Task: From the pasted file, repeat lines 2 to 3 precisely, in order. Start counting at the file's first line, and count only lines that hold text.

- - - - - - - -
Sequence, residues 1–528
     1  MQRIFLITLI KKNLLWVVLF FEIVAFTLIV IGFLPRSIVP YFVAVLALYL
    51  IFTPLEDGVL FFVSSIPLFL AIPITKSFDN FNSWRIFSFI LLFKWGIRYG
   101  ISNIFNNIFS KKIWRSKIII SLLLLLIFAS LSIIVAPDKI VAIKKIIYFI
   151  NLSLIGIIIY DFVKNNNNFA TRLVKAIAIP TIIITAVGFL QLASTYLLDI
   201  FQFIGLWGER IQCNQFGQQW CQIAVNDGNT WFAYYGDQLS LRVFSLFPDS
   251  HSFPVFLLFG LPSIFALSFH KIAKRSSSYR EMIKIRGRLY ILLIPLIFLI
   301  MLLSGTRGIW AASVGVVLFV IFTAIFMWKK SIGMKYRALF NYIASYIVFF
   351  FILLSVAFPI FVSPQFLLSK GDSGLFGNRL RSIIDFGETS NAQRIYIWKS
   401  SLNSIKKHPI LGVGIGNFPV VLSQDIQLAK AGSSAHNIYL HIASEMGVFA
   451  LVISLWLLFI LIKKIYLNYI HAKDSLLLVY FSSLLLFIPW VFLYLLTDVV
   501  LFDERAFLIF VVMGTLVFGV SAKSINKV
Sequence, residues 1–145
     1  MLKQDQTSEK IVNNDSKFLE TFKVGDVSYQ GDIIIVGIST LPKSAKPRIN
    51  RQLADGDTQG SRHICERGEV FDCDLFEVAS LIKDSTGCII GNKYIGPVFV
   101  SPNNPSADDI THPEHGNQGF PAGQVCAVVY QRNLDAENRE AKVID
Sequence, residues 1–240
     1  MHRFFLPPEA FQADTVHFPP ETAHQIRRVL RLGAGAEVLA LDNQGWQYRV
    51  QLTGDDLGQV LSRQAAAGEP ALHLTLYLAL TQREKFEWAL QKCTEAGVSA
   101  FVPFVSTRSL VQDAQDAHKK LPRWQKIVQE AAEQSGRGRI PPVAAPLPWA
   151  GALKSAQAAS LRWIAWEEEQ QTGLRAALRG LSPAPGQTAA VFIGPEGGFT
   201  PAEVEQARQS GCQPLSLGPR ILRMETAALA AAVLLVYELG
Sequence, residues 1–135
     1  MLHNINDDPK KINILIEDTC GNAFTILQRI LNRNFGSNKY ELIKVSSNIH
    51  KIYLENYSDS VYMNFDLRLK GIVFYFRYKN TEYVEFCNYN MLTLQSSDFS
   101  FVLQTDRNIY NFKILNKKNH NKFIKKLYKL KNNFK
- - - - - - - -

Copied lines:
     1  MQRIFLITLI KKNLLWVVLF FEIVAFTLIV IGFLPRSIVP YFVAVLALYL
    51  IFTPLEDGVL FFVSSIPLFL AIPITKSFDN FNSWRIFSFI LLFKWGIRYG